In an interview with The Sunday Times, the tennis star - who has struggled with anger on court in the past - revealed he's been working closely with a sports psychiatrist in the run up to the tournament.
“It’s more about understanding myself better and I think the better you understand yourself it does help you before big matches,” Murray said.
“I used a lot of sports psychologists when I was younger. Sometimes it helped, sometimes it didn’t. The stuff I’m doing now helps because I’m interested in learning about how the brain works rather than being told how to count to 10...
"You have to be open and honest about the thoughts and the feelings that you have. If you lie about things to make yourself look stronger and tougher, it’s pointless.”
So, what actually happens in a session with a sports psychiatrist and can visiting one help an athlete like Murray achieve success?
Speaking to HuffPost UK Lifestyle, Andy Barton, a performance coach from The Sporting Mind, explains that the aim of sports psychiatry sessions will be to get a better understanding of what makes an athlete perform to their optimum ability and what may be preventing them from doing so.
"Everyone you work with is different so you are essentially tailoring mental strategies that are going to work for that person to enable them to improve their competitive performance," he says.
"Some athletes don’t just want solutions they also need to know the science behind the solutions before they buy into them.
"Andy Murray is working with a psychiatrist because he wants get a better understanding of how the brain works, so that he knows why any changes he makes to the way he approaches his matches is going to be useful.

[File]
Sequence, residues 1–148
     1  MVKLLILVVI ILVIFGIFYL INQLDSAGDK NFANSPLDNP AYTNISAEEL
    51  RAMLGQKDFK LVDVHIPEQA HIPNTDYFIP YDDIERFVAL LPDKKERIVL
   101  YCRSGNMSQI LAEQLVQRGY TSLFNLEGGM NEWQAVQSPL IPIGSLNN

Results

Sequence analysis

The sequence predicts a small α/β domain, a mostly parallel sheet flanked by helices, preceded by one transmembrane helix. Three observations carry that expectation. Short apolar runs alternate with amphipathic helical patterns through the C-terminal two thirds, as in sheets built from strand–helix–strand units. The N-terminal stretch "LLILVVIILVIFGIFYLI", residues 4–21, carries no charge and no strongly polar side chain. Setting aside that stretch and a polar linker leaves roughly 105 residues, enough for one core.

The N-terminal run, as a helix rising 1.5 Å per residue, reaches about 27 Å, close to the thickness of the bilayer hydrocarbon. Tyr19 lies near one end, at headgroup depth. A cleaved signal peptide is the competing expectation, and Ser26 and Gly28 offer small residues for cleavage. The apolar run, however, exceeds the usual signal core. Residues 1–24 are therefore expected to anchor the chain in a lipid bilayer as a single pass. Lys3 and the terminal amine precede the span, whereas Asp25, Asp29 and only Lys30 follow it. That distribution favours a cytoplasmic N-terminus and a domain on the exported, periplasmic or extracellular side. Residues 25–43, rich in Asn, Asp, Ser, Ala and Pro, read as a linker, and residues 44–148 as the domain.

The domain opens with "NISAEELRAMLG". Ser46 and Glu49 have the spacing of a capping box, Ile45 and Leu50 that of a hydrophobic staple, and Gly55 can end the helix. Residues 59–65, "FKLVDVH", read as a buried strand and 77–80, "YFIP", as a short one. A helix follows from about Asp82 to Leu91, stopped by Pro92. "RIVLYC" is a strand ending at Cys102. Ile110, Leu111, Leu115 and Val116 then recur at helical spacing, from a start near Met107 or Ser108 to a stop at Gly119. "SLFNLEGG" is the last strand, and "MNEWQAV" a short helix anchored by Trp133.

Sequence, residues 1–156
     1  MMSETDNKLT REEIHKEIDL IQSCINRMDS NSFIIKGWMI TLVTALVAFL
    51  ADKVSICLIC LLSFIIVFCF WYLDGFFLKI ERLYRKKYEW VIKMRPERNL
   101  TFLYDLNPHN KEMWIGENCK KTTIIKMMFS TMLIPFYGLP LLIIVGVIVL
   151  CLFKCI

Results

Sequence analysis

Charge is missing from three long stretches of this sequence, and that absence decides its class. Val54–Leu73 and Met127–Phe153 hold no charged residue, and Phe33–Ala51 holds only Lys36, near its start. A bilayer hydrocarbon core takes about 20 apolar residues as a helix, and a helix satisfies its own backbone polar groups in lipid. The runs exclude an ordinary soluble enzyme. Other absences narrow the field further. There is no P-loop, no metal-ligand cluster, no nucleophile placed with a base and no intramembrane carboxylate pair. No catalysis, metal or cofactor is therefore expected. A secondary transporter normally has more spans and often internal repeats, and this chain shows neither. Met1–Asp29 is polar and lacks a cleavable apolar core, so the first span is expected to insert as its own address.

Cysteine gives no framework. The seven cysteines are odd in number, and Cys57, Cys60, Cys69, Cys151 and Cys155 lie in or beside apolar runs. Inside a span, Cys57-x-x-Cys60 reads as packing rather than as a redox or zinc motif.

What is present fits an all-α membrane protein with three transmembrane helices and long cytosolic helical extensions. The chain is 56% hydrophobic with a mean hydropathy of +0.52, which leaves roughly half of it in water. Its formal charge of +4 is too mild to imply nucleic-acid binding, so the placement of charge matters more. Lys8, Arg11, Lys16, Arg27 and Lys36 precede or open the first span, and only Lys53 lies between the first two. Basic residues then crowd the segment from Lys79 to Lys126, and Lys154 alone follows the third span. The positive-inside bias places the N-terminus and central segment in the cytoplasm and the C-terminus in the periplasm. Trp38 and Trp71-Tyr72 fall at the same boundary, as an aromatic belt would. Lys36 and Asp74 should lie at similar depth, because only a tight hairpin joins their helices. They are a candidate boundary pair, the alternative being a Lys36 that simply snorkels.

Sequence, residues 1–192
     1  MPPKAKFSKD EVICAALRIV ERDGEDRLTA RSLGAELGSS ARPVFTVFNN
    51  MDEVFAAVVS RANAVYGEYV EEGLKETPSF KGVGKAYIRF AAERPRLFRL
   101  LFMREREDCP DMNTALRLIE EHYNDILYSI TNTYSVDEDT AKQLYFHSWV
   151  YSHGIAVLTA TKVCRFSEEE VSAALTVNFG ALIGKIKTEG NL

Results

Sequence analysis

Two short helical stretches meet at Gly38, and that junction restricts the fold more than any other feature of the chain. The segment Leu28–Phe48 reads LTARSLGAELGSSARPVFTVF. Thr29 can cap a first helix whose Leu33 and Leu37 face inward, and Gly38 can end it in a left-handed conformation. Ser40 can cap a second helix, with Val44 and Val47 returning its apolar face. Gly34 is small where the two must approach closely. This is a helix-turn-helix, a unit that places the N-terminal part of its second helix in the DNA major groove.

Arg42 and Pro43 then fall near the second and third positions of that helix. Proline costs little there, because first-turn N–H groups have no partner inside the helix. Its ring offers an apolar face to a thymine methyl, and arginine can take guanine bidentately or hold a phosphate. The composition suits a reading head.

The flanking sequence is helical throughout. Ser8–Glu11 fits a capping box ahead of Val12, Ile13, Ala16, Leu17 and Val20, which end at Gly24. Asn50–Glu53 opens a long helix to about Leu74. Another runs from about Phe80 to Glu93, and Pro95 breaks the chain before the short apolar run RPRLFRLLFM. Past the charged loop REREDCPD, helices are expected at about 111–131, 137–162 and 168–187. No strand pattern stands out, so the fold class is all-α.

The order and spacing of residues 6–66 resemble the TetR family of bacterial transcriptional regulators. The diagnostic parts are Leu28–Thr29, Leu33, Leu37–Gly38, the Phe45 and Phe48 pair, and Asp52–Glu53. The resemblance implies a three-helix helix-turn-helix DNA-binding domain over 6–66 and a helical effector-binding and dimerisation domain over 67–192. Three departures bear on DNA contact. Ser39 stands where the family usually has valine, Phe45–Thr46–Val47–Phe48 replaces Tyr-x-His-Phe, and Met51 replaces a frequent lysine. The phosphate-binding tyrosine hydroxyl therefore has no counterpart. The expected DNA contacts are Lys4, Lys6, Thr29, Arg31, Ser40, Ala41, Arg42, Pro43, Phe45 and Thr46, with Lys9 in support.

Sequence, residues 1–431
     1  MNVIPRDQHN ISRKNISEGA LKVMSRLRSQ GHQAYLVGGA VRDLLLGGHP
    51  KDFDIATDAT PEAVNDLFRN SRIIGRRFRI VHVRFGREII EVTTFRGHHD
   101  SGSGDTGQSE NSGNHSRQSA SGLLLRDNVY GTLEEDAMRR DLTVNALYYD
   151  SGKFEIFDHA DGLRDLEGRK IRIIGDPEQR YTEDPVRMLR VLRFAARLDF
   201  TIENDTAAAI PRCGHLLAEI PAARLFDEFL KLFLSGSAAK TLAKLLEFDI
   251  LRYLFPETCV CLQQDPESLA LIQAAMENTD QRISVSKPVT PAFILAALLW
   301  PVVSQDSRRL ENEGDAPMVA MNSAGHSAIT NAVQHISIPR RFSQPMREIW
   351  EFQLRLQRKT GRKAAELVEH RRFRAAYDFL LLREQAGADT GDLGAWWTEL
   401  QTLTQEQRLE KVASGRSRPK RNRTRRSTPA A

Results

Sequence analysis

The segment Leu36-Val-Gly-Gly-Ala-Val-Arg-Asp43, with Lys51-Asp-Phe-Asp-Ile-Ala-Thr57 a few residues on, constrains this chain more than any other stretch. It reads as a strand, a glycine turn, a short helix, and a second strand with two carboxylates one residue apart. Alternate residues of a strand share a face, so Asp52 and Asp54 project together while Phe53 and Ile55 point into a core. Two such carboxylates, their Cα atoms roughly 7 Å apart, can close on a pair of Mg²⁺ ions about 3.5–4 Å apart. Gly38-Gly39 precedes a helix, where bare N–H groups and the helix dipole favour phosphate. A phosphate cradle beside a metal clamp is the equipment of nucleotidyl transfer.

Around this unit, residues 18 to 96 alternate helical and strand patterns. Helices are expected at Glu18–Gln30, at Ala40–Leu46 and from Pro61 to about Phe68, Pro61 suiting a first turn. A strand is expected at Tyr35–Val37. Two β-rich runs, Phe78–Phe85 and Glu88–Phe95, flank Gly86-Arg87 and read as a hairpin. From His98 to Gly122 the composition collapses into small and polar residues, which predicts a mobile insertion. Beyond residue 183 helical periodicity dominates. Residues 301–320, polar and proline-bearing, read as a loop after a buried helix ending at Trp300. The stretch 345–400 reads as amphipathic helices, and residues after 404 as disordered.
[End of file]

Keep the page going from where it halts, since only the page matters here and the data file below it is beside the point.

"It is a bit like a Formula One driver wanting to gain an appreciation of the mechanics of the car rather than just knowing how to drive it."
Sports psychiatry is playing an ever-growing role in helping athletes improve their mental performance when competing.
Football clubs including Fulham, West Ham, Tottenham Hotspur, Sunderland and Crystal Palace are reported to have hired therapists to help their players while preparing for a major match.
Barton isn't surprised that the clubs view sports psychiatry as a worthwhile investment.
"It can be used to help an athlete in several different ways from helping them improve their emotional state, setting effective goals, practising effectively, improving self-belief and confidence and getting into the ‘zone’, whilst also eradicating negative aspects of performance such as fear, distraction, indecisiveness and doubt," he says.
According to Barton, you don't have to be a professional athlete to benefit from a session with a sports psychiatrist - it can help with any sport, at any level.
"A lot of unhelpful mental strategies are being learned from a young age and this is particularly noticeable among young tennis players who still seem to be channelling John McEnroe’s approach and think they should be getting angry and should beat themselves up whenever they lose a point," he says.
"What people don’t realise is that very often some very simple strategies can make a huge difference to a person’s performance."
He adds that a session with a sports psychiatrist can have lasting effects, long after a player has left the tennis court.
"This isn’t just in the area of sport," he says. "Many of these techniques are equally effective in other areas of life and are being used for helping improve performance in areas such as business, the performing arts and for personal development."